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The Supreme Court affirmed the decision of the court of appeals affirming Defendant's two criminal threat convictions and his domestic battery conviction and reversing Defendant's aggravated assault conviction, holding that, although the Court's reasoning differed from the court of appeals on Defendant's Brady claim, the court of appeals reached the right result. On appeal, Defendant argued that he was entitled to a new trial because the prosecutor had not timely disclosed a disciplinary report of a deputy sheriff involved in the incident. The court of appeals rejected Defendant's Brady argument in part because the prosecutor had not "suppressed" the report. The Supreme Court held (1) although the court of appeals' reasoning was infirm the court properly rejected Defendant's Brady claim because there was no reasonable probability that Defendant would not have been convicted if the report had been produced to the defense earlier; (2) there was no double jeopardy or multiplicity problem regarding Defendant's two convictions of criminal threat; (3) the prosecutor made an improper statement during closing argument, but the error did not contribute to the verdict; and (4) the district judge did not err by refusing to recall the jury or by denying Defendant's related motion for a new trial. View "State v. Hirsh" on Justia Law

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The Supreme Court reversed the decision of the court of appeals reversing the order of the district court suppressing evidence obtained after police officers unconstitutionally detained Defendant, holding that the court of appeals erred in applying the attenuation doctrine under the facts of this case. In suppressing evidence obtained in a search of Defendant the district court concluded that police officers lacked reasonable suspicion to detain Defendant. The court of appeals agreed but determined that the attenuation doctrine applied. Specifically, the court concluded that the officers' discovery of a preexisting arrest warrant after they seized and search Defendant attenuated the taint of the unconstitutional seizure. The Supreme Court reversed, holding that the officers' duty to execute the arrest warrant did not attenuate the taint of the unlawful seizure. View "State v. Sanders" on Justia Law

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The Supreme Court reversed the decision of the court of appeals reversing the judgment of the district court suppressing derived from a search because it found that the search resulted directly from a police officer's unconstitutional seizure of Defendant, holding that this case must be remanded to the district court for further findings of fact. Applying the attenuation doctrine factors set forth by the United States Supreme Court, the district court suppressed the evidence at issue. The court of appeals reversed the district court's ultimate decision, finding that an intervening circumstance attenuated the taint of the unlawful seizure and thus did not invalidate the later search. The Supreme Court reversed, holding (1) the district court erred in failing to consider the officer's discovery of an arrest warrant as a circumstance that intervened between the officer's illegal detention of Defendant and his search of her purse after arresting her; and (2) because there remained unanswered questions of fact, the case is remanded for the district court to make the appropriate findings of fact under the correct legal standard. View "State v. Tatro" on Justia Law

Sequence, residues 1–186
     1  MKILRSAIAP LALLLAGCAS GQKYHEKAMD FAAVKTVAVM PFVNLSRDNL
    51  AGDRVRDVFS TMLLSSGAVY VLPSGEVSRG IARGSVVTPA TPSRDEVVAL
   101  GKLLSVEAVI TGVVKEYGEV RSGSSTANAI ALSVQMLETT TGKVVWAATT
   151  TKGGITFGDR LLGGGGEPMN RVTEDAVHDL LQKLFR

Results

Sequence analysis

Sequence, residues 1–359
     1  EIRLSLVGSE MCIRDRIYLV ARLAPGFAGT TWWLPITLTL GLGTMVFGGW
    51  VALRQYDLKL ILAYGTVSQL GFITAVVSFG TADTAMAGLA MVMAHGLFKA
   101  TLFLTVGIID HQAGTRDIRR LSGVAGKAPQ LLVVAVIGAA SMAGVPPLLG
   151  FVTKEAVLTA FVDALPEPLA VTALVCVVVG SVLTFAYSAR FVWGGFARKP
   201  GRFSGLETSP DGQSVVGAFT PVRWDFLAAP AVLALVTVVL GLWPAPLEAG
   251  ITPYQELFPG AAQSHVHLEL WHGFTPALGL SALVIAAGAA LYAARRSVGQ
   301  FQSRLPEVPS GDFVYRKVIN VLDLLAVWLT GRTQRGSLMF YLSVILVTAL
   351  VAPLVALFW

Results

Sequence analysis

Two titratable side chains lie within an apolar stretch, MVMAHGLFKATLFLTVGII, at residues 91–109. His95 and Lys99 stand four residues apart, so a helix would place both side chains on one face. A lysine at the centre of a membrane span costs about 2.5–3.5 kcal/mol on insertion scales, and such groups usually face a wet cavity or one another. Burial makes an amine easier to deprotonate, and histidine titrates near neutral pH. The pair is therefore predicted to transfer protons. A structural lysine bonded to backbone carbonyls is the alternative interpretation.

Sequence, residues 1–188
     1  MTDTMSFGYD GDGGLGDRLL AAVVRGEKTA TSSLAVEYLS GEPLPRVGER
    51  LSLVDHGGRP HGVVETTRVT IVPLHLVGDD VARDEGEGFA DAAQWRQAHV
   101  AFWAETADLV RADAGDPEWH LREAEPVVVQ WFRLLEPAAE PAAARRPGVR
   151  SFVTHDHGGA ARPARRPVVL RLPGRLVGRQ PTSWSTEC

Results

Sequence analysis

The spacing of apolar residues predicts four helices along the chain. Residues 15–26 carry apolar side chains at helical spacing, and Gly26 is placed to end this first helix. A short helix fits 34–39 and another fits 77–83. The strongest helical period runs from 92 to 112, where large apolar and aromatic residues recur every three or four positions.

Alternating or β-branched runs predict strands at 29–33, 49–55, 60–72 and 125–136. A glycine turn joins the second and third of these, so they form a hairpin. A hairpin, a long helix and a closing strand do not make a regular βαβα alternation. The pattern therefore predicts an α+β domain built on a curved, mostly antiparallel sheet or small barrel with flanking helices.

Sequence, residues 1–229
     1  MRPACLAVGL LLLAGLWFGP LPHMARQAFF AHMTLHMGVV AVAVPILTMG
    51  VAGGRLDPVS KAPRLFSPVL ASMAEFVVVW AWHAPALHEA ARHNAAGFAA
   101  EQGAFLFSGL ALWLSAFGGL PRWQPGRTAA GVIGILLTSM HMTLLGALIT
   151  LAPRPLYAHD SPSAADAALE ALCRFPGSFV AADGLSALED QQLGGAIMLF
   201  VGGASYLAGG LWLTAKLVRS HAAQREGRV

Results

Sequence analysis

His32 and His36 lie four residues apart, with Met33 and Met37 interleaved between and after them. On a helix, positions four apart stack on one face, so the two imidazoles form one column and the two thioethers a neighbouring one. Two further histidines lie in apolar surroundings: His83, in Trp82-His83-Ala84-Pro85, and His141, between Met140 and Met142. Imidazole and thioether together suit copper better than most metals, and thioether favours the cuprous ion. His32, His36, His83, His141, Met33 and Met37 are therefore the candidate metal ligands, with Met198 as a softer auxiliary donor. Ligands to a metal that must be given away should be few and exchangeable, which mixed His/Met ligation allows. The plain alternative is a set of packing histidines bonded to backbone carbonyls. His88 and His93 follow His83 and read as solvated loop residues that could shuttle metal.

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The Supreme Court reversed the decision of the court of appeals affirming Defendant's convictions and sentences, holding that a police officer's discovery of an expired tag on Defendant's vehicle did not present an intervening circumstance that attenuated the taint of the officer's unconstitutional seizure of Defendant. Defendant was unconstitutionally detained by a police officer. Defendant filed a motion to suppress, arguing that officers obtained incriminating evidence as the result of an unlawful seizure. The district court denied the motion. The court of appeals reversed, finding that Defendant's initial seizure was unsupported by reasonable suspicion but that the United States Supreme Court's attenuation doctrine analysis in Utah v. Strieff, 579 U.S. __ (2016), applied to allow the admission of the evidence. The Supreme Court reversed, holding that there was no attenuation of the taint of the illegal seizure, and therefore, the district court erred by denying Defendant's motion to suppress. View "State v. Christian" on Justia Law

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The Supreme Court affirmed the decision of the court of appeals affirming the district court's summary denial of Defendant's Kan. Stat. Ann. 60-1507 motion, holding that summary denial of the section 60-1507 motion was appropriate in this case. On appeal, the court of appeals concluded that the district court erred in elying upon the State attorney's written response to Defendant's pro se motion without first appointing counsel for Defendant but that the error was harmless because the record conclusively established the Defendant was not entitled to relief. The Supreme Court affirmed while disagreeing with the court of appeals' resolution of the right to counsel issue, holding (1) the State's filing of a written response, standing alone, did not trigger Defendant's statutory right to counsel; and (2) the substantive claims Defendant raised in his section 60-1507 motion did not warrant relief. View "Stewart v. State" on Justia Law